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Arriving after Lady Sings the Blues, Touch Me in the Morning trades easily on Diana Ross’ status as a superstar. Grandiose and slick without being cloying, soft and seductive while retaining soul, the album veers away from R&B toward adult contemporary, a sound fitting a cross-platform, cross-genre star such as Ross, and the telling thing about Touch Me in the Morning is that for as soft as its surfaces are, this isn’t quite a makeout record thanks in part to the trace DNA from its origins as a concept album Diana Ross conceived for her children. This record, fittingly called To the Baby, didn’t appear until Hip-O Select reissued Touch Me in the Morning as an expanded double-disc Expanded Edition in 2010, whereupon it was easy to see just how much the two albums shared: “Brown Baby” shows up as its own track, “My Baby (My Baby My Own),” while “Imagine” is part of the medley with “Save the Children.” Apart from such specifics, the overall tone is indeed similar, particularly in how the music is sentimental without being syrupy, pushing the idea of Diana as a diva who can do it all, but there is a reason why To the Baby was scrapped in favor of Touch Me in the Morning: it lacked a single as sweeping as “Touch Me in the Morning” itself, a signal that it was just slightly too inward-looking to sustain Ross’ monumental success. Sensing that, Berry Gordy once again displayed remarkable commercial instincts, rejiggering the project just enough to turn the LP into something rich, gorgeous, and romantic, something of a slow-dance classic, something that To the Baby, no matter how sincere and interesting it was, couldn’t quite be. [The rest of the expanded deluxe set includes several remixes and alternate takes, plus the OK unreleased Smokey Robinson-written “Kewpie Doll,” to round out the two discs.] ~ Stephen Thomas Erlewine
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Pop - Released May 23, 1979 | UNI - MOTOWN

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Rap - Released November 5, 2001 | Parlophone UK

A splendid 41-song set featuring Diana Ross' best recordings with the Supremes, along with Motown and post-Motown solo recordings. This is a very comprehensive and thoughtfully chosen package. The selections run the gamut from "Where Did Our Love Go" to "Love Hangover" to "I'm Coming Out" to Frankie Lymon & the Teenagers' "Why Do Fools Fall in Love" and Michael Jackson's "Muscles." It features her duets with Lionel Richie and Marvin Gaye, "Endless Love" and "You Are Everything," respectively, and "I'm Gonna Make You Love," a duet with Eddie Kendricks credited as Diana Ross & the Supremes and the Temptations. Ross' compelling soprano is often imitated, but has never been duplicated as successfully by anybody, and that includes her namesake, Jackie Ross ("Selfish One"). This is as good as it gets. Compiling a more complete and pleasing package with the same number of tracks to work with will never happen. The circus-sounding "The Happening" is a nuisance, but you can skip or program it out entirely if it bothers you. ~ Andrew Hamilton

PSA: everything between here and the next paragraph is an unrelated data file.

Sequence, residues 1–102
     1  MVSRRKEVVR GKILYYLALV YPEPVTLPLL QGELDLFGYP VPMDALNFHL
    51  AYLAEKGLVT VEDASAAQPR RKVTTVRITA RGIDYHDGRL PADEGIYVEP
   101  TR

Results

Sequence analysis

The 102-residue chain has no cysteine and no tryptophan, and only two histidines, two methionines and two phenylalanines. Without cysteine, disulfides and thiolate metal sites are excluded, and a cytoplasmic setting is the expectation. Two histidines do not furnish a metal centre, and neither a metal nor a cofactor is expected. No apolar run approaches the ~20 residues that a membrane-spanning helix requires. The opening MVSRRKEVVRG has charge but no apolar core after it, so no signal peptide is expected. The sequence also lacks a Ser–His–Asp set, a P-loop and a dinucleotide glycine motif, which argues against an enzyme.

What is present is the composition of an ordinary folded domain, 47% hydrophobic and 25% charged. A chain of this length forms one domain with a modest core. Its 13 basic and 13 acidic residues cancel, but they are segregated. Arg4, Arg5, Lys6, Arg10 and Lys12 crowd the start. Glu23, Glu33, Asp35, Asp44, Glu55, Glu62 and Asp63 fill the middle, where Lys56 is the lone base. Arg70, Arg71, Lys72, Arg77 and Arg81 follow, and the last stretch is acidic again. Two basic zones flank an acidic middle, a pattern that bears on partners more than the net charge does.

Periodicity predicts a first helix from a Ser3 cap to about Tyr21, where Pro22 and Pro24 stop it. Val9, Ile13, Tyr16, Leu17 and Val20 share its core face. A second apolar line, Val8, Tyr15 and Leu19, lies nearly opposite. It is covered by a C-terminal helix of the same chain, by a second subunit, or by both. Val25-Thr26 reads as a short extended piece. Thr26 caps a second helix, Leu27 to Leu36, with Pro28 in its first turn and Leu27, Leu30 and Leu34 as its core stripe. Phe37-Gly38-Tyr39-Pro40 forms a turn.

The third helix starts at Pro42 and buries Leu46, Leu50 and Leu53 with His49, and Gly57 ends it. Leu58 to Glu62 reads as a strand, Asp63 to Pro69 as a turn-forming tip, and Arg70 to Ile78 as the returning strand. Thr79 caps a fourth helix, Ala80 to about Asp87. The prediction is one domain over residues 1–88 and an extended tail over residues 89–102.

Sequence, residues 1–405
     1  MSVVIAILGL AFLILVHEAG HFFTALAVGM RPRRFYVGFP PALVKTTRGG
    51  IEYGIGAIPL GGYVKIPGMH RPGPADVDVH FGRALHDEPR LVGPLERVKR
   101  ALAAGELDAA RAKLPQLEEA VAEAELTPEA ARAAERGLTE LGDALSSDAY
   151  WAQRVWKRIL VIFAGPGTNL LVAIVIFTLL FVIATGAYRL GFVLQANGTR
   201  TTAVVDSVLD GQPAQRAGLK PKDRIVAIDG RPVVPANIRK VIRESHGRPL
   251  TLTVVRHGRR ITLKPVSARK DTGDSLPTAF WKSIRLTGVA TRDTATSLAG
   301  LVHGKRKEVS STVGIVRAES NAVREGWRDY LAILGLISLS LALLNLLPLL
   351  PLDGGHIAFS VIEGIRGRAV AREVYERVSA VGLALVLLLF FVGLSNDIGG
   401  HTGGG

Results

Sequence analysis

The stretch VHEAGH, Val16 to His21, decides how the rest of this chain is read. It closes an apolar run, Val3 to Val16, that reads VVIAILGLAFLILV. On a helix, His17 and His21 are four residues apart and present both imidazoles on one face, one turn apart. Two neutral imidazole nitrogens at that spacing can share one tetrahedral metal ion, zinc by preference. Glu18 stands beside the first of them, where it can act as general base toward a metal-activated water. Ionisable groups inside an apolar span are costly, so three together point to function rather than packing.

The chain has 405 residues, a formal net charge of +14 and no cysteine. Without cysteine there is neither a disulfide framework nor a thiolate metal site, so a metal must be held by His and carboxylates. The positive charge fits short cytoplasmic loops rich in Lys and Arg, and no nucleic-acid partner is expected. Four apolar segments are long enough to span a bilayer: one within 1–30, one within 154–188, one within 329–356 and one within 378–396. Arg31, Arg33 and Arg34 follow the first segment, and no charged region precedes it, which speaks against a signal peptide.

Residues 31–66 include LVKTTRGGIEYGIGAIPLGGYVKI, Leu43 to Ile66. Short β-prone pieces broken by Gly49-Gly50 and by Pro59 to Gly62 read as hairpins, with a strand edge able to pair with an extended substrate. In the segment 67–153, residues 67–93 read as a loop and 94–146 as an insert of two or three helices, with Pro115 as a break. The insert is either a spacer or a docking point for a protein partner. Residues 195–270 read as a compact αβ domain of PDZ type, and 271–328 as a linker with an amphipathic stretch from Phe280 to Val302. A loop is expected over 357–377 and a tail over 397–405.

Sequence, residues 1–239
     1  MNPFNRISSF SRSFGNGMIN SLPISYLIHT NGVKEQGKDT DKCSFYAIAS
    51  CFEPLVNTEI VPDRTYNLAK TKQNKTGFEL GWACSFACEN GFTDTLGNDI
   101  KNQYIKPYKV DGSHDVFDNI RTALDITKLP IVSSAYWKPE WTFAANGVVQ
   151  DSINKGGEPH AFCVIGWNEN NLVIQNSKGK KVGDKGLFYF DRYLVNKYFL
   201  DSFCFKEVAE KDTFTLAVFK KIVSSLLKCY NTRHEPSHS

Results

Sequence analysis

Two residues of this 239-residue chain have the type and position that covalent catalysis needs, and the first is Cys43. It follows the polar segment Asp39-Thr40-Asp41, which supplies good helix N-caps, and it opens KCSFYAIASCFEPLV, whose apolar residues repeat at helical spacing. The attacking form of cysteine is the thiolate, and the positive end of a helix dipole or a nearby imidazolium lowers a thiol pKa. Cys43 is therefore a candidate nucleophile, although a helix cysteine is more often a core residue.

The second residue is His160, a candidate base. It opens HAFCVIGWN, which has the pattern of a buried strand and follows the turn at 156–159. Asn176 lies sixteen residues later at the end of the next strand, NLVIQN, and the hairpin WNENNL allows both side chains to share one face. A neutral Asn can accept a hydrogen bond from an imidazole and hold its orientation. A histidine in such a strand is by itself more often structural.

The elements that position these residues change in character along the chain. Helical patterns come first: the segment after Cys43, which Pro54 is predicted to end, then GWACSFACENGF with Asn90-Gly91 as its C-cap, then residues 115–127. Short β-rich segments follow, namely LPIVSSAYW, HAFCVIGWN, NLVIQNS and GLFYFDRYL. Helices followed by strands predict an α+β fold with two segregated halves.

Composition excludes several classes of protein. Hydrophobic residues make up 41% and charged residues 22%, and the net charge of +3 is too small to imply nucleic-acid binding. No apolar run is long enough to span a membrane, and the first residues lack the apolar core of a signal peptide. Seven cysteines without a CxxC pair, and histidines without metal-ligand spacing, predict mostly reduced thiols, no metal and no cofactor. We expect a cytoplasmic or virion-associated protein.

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Rap - Released November 11, 1996 | Parlophone UK

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Film Soundtracks - Released January 1, 1972 | UNI - MOTOWN

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R&B - Released September 16, 1977 | UNI - MOTOWN

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Pop - Released January 1, 1970 | UNI - MOTOWN

Fresh from her career-defining role in the Supremes, Motown issued Diana Ross' Everything Is Everything in 1970, within months of her self-titled solo debut of earlier the same year. This time, veteran Motown multitasker Deke Richards was brought in with hopes of equaling the unqualified success that the staff team of Nickolas Ashford and Valerie Simpson had with Diana Ross -- particularly the songs "Reach Out and Touch (Somebody's Hand)" and "Ain't No Mountain High Enough." Rather than drawing exclusively from their stable of in-house writers, Richards split the duties between himself and a variety of Hitsville U.S.A. stalwarts -- including Berry Gordy and Marvin Gaye -- as well as significant outside input from the likes of John Lennon-Paul McCartney, Burt Bacharach-Hal David, and fellow Motor City soul stirrer Aretha Franklin. The upbeat opener, "My Place," swings steadily behind the frisky rhythm section -- replete with Jack Ashford's signature timekeeping on tambourine. Sprightly strings underscore Ross' similarly agile and inviting lead vocals. In deference to the pink glamour shot adorning the front, Ross reveals an earthier image on the funky "Ain't No Sad Song." It is a perfect example of producer Hal Davis' ability to capture the essence of the singer's sensuality, a feat he repeated to even greater effect a few years later on his production of the R&B/pop crossover chart-topper "Love Hangover." The infectiously cheery "Everything Is Everything" has the slightly quirky feel of a Laura Nyro composition, although it was actually written by a female friend of Berry Gordy. The Marvin Gaye-Anna Gaye co-penned "Baby It's Love" is one of several outstanding deep cuts flawlessly blending the unmistakably vintage Motown sound with a comparatively modern arrangement. The Beatles remakes show contrasting sides to Ross' talents: "Come Together" pulls no punches with an extended brassy and sassy reading, directly contrasted by the empathetic and heartfelt take of "The Long and Winding Road." Ross and Richards' sultry collaboration on Aretha Franklin's "I Love You (Call Me)" make for the finest contribution here from either participant. Although Everything Is Everything failed to exceed -- or even meet -- the chart achievements of its long-playing predecessor, many enthusiasts consider it to be a worthy companion. ~ Lindsay Planer
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Rap - Released April 13, 1993 | Parlophone UK